Enchanted Storks: A Tale of Bagdad

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If favor now should greet my story, Allah must receive the glory. The beloved Calif of Bagdad and his trusted vizier are tricked into buying a magic snuffbox from an evil sorcerer that changes them into storks. But with the help of an enchanted princess, the Calif defeats his power-hungry brother and returns in triumph to his great and glorious city. This lyrically retold, spellbinding tale of the Middle East comes brilliantly to life in lavish, intricate watercolor paintings that mirror the richly detailed ...
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Overview

If favor now should greet my story, Allah must receive the glory. The beloved Calif of Bagdad and his trusted vizier are tricked into buying a magic snuffbox from an evil sorcerer that changes them into storks. But with the help of an enchanted princess, the Calif defeats his power-hungry brother and returns in triumph to his great and glorious city. This lyrically retold, spellbinding tale of the Middle East comes brilliantly to life in lavish, intricate watercolor paintings that mirror the richly detailed tapestries of the Middle East.

The Calif of Baghdad is turned into a stork by an evil sorcerer, the only one who knows the magic word that will restore the Calif to his human form.

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Editorial Reviews

Publishers Weekly - Publisher's Weekly
When the Calif (the ruler of Baghdad) and his Vizier buy a snuffbox from a peddler in the bazaar, they discover an enticing message inside: ``A sniff of snuff, for wings to soar./ Casalavair for hands once more.'' Curious, the men partake and become storks-but the magic word fails to restore them to their human forms. Forced to live on snails and slugs, worms and grubs, etc., the storks eventually happen upon the peddler, actually a sorcerer employed by the Calif's brother Omar, who has assumed the throne. Before this folktale finishes, Calif and Vizier are restored (and the Calif finds a princess bride), Omar is punished and harmony reigns. Well-paced and judiciously seasoned with Middle Eastern flavor, the story is both accessible and exotic. Dianov, a Russian watercolorist making his American publishing debut, adds striking, ornate depictions; their only shortcoming is the lack of differentiation between characters. Even so, the overall effect is splendid. Ages 6-10. (Apr.)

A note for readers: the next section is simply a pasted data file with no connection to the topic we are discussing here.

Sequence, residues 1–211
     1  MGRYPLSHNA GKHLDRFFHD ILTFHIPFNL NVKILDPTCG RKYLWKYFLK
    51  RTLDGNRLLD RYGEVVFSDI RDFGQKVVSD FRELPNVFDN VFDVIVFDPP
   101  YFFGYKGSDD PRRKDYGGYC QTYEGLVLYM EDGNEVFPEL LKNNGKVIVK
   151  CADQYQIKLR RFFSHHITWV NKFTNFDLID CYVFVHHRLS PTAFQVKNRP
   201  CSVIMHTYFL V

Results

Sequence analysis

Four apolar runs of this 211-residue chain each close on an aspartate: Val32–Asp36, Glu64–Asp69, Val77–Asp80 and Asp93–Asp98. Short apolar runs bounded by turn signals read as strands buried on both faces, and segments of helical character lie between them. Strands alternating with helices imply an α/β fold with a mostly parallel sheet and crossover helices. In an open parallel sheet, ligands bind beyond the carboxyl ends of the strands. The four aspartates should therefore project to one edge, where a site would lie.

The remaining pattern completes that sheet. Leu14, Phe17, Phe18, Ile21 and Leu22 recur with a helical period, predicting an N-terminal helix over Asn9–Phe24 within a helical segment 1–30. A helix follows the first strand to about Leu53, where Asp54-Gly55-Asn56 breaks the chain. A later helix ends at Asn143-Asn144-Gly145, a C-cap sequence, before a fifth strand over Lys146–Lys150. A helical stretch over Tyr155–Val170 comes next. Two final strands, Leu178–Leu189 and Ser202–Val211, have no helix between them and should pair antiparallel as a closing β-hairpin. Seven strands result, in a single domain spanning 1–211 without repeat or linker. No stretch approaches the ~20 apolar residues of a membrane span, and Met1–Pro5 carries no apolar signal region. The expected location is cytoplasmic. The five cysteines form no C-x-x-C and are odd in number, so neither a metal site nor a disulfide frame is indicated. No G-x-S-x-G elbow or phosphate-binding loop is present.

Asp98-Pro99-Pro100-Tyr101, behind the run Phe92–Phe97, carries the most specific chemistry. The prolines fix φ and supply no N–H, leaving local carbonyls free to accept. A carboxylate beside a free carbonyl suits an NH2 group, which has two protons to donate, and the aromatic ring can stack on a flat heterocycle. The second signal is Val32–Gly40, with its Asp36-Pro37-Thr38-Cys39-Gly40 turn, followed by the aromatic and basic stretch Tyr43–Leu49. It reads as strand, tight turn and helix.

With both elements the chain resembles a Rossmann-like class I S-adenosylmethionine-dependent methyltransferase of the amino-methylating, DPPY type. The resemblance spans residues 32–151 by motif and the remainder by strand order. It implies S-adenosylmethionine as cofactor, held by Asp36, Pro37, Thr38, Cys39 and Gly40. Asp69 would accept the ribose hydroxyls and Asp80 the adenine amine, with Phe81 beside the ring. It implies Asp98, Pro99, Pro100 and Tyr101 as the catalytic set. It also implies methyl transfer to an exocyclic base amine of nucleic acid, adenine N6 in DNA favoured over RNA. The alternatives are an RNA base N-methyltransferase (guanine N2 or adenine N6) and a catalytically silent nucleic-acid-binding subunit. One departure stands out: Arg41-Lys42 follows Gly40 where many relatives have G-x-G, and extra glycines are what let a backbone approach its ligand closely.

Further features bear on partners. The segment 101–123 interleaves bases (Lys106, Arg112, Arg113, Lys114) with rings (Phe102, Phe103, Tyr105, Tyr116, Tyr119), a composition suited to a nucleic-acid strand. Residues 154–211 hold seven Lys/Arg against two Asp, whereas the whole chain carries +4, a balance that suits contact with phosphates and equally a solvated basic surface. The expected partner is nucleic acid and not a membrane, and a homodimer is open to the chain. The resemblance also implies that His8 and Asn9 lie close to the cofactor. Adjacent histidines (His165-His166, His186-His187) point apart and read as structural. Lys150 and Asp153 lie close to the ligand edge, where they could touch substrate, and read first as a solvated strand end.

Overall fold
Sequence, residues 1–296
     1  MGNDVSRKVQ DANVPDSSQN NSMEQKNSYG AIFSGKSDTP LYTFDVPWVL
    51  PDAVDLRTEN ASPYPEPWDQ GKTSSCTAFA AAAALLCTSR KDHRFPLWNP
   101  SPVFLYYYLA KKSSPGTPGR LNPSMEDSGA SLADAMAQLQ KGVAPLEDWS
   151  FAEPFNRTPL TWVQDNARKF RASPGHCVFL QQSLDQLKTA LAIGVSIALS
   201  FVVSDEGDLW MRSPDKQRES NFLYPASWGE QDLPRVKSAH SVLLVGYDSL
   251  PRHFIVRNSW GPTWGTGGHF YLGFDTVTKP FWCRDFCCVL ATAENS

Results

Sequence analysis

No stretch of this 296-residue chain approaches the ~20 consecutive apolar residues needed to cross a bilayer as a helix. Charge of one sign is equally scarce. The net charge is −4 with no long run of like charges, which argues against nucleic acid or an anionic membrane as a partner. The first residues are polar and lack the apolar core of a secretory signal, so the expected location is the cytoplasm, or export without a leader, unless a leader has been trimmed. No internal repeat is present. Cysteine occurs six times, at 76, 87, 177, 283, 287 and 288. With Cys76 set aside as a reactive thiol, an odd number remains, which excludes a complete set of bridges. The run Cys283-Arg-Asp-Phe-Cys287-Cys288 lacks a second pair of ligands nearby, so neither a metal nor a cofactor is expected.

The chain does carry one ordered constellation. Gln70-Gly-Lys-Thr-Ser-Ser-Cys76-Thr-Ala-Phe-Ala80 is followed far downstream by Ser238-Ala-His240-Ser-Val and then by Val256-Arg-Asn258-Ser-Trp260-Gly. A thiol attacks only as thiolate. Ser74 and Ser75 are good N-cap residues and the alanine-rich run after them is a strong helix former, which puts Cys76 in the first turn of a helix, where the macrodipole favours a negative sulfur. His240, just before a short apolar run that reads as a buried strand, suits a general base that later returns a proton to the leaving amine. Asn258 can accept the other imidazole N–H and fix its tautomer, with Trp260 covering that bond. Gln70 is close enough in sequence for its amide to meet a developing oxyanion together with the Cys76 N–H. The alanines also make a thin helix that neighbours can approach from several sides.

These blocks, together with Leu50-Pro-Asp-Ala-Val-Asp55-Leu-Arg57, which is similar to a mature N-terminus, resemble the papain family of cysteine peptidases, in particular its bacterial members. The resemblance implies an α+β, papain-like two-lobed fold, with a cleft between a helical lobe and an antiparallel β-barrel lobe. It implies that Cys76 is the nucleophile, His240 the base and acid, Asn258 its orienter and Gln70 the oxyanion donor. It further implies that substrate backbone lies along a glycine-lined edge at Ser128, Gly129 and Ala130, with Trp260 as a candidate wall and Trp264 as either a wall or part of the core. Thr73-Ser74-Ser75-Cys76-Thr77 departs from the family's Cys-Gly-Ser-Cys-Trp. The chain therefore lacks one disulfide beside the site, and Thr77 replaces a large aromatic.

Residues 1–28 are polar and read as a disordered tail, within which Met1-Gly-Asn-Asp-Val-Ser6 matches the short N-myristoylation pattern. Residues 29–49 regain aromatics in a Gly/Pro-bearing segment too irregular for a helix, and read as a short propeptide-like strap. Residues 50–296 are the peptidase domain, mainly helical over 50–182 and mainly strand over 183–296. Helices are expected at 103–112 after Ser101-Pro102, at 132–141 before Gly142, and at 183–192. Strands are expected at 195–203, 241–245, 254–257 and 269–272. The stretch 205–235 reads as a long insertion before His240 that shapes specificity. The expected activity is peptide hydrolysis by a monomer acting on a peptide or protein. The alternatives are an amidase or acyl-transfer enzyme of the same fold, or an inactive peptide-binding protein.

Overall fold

Children's Literature - Judy Silverman
Shepard makes Old Bagdad come alive in this story of a Caliph and his Vizier, transformed into storks through a trick by the Caliph's brother. It sounds like a traditional Middle Eastern tale, and was classified as a folktale of Iraq by the folklorist Harold Courlander. But in fact, William Hauff actually wrote it in the nineteenth century. However it came to be, it is a magical tale, and Shepard says he has used both versions in his retelling. The elaborate illustrations by Alisher Dianov are perfect - never do princesses look so beautiful or villains so totally evil. The sneer on the evil sorcerer's face is fabulous.
School Library Journal
Gr 3-6-An original 19th-century German creation with an ``Ali Baba'' air, this fairy tale has been assimilated into Muslim culture and deserves an audience here. It is the story of a good Calif and his Vizier, in ancient Bagdad, tricked by a wicked magician. While they are trapped in the shape of storks, the Calif's brother seizes his throne. They have the good fortune to meet with a weeping bird-an enchanted princess-who tells them where to find the evil sorcerer. They overhear the secret of their disenchantment, free themselves and the princess (who will marry the Calif), and regain the throne. (A long endonote relates the history of the tale and of Bagdad.) The Muscovite illustrator aims for an appropriately 19th-century look of ``oriental splendor.'' Minute details of clothing, architecture, decoration, and nature embellish scenes bordered by golden curliques, flourishes, and the odd gem. Faces faithfully reflect character: at least, the evil ones (the Calif is a bit bland, and the princess shows no hint of the ``dancing eyes'' attributed to her). Good triumphs, though without any deep moral message, but perhaps this gorgeous panoply will balance the demonizing of Bagdad in current events.-Patricia (Dooley) Lothrop Green, St. George's School, Newport, RI
Ilene Cooper
When the Calif and his Vizier purchase a magic snuff box, they turn themselves into storks--but soon realize they don't have the magic word to turn themselves back into men. As the two storks fly about, forced to eat toads and bugs, Omar, the Calif's brother, takes over Baghdad; it becomes clear that Omar, with the aid of a nefarious magician, has instigated the spell. Only when the Calif and the Vizier learn the magic word are they able to save themselves, their country, and a beautiful maiden who has fallen under a spell. The ornate and highly detailed paintings that flow around the lengthy text are full of eye-catching delights that demand a second and third glance. An excellent example of Middle Eastern folklore, this makes good use of its Islamic setting in both story and art. The detailed author's note gives the story's sources and adds to the book's usefulness. A worthy addition to folklore collections, and one that should fill a niche.
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Product Details

  • ISBN-13: 9780395653777
  • Publisher: Houghton Mifflin Harcourt
  • Publication date: 4/1/1995
  • Pages: 31
  • Age range: 7 - 8 Years
  • Product dimensions: 9.54 (w) x 11.20 (h) x 0.43 (d)

Meet the Author

Aaron Shepard is a professional storyteller who specializes in retelling folktales from many cultures. He lives in San Pedro, California.

Alisher Dianov lives in Russia.

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